On being a reader of romance

I’m a reader of romance. I also love crime novels, and for a while I read every book I could find that had vampires in it, I even had a spreadsheet (if you want gritty killing machine vampires, I recommend the David Wellington series, 13 Bullets). But really, when I do have time to read these days, more often than not I’ll be picking up a romance. I’m a sucker for a love story with lots of sex and a happy ending.

I started reading Mills & Boon/Harlequin romances when I was 15, much to my mother’s despair (because ‘trashy’ romance novels are not ‘real’ books apparently). I never really stopped reading them, but over the years I have developed a taste for the raunchier ones, as one does (Desire series, anyone?). In the same way my taste for them has evolved, so have my views on gender roles and feminism. I remember starting a Mills & Boon book a couple of years ago that I could not keep reading, the emotionally abusive undercurrent in that book was too strong for me.

I’ve also grown tired of the usual tropes. Here are a couple that really get my goat:

  • The powerful billionaire with tragic past falls for a woman with a menial job and makes her see that he is the one for her, no matter how many times she refuses him. He knows her better than she knows herself and usually coerces her into a relationship/sex/marriage under threat. I once read one where the guy, who’d just found the woman again, 6 years after walking out on her, and finding out she’d had twins, threatened to get full custody (fully expecting to get it too, because of who he was and his inflated bank account) if she didn’t marry him on the spot.
  • The whole first time sex thing, especially the ones where the man can feel that the woman is a virgin, or he’s already half inside her when he feels a barrier that he has to push through… Basic human biology, people, the hymen is NOT halfway up the vaginal canal!!

The trend at the moment seems to be tattooed bikers who are in a motorcycle gang. Or cowboys. I have nothing against either, in fact, I just read 2 Mills & Boon Dare books by 2 different authors featuring a tattooed guy who’s in a MC and enjoyed both of them immensely. And I guess it’s a good idea to be writing to the market, because then you’ll get sales.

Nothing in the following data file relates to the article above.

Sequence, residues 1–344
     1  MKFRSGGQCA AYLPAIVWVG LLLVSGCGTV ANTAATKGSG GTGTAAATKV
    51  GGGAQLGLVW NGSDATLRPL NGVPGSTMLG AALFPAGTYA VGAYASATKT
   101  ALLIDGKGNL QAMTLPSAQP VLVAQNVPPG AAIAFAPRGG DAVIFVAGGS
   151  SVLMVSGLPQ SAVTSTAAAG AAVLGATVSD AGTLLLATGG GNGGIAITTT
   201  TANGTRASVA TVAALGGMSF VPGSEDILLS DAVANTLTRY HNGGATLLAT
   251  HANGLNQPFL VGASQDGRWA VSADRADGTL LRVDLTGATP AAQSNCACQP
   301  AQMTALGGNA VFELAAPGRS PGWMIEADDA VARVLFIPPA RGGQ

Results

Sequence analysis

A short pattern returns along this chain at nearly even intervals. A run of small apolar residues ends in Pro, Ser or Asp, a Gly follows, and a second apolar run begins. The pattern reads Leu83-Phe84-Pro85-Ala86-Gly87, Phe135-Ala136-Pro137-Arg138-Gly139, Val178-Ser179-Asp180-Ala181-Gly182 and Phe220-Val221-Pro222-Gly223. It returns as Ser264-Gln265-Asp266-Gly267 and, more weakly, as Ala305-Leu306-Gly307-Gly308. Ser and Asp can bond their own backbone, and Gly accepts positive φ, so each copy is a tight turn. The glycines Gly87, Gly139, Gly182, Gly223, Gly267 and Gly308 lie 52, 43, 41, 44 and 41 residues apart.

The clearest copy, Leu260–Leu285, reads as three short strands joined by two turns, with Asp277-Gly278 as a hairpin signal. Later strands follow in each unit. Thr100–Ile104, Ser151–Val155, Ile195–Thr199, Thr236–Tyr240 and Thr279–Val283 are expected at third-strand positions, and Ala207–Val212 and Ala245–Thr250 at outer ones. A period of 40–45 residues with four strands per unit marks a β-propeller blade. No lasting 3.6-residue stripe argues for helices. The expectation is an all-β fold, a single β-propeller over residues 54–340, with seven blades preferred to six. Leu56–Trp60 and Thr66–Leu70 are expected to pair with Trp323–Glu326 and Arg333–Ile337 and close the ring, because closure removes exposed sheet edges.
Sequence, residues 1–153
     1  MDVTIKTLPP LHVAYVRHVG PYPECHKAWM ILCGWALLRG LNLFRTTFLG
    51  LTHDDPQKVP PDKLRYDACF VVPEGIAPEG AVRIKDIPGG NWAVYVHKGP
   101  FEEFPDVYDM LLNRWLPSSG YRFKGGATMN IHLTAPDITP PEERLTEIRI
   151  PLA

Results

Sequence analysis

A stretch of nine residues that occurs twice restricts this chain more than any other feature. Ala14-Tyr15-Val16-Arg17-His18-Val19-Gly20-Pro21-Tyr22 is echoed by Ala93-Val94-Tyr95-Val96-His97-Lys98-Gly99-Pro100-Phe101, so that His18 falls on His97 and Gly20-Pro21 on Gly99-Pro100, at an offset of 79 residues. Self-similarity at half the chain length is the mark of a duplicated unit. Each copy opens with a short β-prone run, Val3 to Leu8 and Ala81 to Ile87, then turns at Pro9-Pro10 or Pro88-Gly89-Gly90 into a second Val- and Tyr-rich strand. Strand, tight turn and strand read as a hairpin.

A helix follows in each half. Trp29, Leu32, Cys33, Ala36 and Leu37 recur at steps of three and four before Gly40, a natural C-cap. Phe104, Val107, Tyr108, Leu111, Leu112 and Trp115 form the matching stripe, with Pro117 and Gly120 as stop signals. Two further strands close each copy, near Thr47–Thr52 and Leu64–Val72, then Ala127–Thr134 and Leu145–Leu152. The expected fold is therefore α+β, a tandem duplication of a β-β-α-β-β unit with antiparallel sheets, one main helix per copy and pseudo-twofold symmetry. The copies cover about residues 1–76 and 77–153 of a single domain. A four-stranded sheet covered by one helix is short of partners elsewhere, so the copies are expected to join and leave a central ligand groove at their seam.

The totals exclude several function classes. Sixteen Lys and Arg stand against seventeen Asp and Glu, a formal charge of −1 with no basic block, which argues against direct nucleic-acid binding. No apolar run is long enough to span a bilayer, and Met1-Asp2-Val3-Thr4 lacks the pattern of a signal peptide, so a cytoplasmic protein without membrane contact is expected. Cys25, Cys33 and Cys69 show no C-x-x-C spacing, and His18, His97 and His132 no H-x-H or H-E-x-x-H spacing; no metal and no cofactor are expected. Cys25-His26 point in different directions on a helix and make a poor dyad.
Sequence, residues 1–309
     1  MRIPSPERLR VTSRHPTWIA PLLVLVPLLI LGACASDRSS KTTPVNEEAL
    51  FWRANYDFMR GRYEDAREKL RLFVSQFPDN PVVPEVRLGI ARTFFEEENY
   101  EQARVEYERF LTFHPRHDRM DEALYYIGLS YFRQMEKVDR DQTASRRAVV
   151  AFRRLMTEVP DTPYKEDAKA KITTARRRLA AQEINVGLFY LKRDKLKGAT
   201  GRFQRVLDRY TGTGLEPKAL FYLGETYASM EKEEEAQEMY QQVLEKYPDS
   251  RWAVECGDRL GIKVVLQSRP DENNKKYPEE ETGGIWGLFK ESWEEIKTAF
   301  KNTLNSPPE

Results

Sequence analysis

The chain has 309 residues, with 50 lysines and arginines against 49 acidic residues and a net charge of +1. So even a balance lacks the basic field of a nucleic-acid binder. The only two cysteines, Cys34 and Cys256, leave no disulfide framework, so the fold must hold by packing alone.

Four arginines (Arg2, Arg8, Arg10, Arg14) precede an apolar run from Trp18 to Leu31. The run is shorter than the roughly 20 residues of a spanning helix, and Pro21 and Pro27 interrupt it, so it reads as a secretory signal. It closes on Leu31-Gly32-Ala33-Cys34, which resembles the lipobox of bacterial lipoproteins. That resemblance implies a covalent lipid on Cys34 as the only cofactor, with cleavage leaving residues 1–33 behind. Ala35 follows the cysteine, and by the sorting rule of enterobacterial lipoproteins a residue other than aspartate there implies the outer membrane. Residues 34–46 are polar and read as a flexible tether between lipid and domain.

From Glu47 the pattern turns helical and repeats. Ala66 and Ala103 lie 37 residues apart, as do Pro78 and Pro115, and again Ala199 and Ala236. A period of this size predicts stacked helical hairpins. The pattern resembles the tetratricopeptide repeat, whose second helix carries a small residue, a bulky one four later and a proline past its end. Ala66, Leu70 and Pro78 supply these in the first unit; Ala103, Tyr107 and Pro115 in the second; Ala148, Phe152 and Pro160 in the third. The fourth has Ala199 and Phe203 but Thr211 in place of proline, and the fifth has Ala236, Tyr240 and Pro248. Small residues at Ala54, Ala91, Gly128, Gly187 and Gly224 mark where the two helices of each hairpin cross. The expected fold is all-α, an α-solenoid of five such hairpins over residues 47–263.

And as much as I love a good sexy romance with graphic sex scenes that make the reader all hot and bother, I can still enjoy a fun romance with no graphic sex (I aim to own (and read) every book Trisha Ashley has ever written, and I’m getting there).

I’ve been writing and I’ve been thinking about getting an actual book out so I went looking at the specs for submission for Mills & Boon/Harlequin Dare and this is what they’re after:

Sexy. Passionate. Bold.

Harlequin Dare stories push the boundaries of sexual explicitness while keeping the focus on the developing romantic relationship. Come meet the sexiest men alive!

Key Elements

  • The heat level is explicit and graphic. The hero and heroine have a powerful sexual and emotional connection.
  •  We’re looking for authors who have a distinct, memorable voice and write stories with a high level of sexual tension as well as graphic sex. 
  •  We want to read the ultimate alpha hero of all of your sexual fantasies! While billionaires, CEOs and other successful, affluent men are welcome, we are also open to grittier heroes and anti-heroes.
  •  Heroines are empowered, fun and fearless women who don’t necessarily need a man in their lives—having a man is her choice…and her pleasure! Bold heroines are a key hook for this series and their independence is as important as the character traits of the alpha heroes.
  •  Stories must be contemporary. Readers should be swept away by sexual fantasy, even as the characters deal with real world obstacles and challenges in the face of their love.
  •  The setting can either be metropolitan (Paris, London, New York, L.A., Sydney, Rome) or exotic (the Amalfi Coast, Hawaii, the Caribbean). The setting alone doesn’t make the story sexy but it certainly helps!
  •  We are open to 3rd person or 1st person point of view. There should be a balance of POV between the hero and heroine.
  •  A word count of 50,000 means stories must be fast-paced and plot-driven.

We are open to many different story types, though we are not currently considering law enforcement (police, FBI, etc.), western-themed, military, sports, small-town romances, paranormal or historicals.

These are sexy contemporary romances and we’re not accepting erotica or erotic romance. We are not interested in BDSM (light bondage is acceptable), ménage, age play, bestiality, incest or rape. Each manuscript will be evaluated on how the subject matter is handled.

I read it a few times and I don’t feel that anything I write fits their bill. Here’s the bit that comes after the story types bit. While I absolutely cannot get behind bestiality or incest or rape, I have written stuff with polyamorous characters and I understand that is a different, more specialised market.

However I’m still confused by the sexy contemporary romance vs erotica/erotic romance part. Where does one draw the line? How much hot monkey sex must the characters have to put you in the erotica category as opposed to the sexy romance one? I guess it’s one of those things I could just google. But you know what? I am pretty sure I already have and I read an article or two and left as confused as I was before I’d read them.

Oh well.

I’ll just keep writing what I write, if I ever get my mojo back (it’s been a stressful term with lots of school work and the next 2 weeks are going to be the worst).

 

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2 thoughts on “On being a reader of romance

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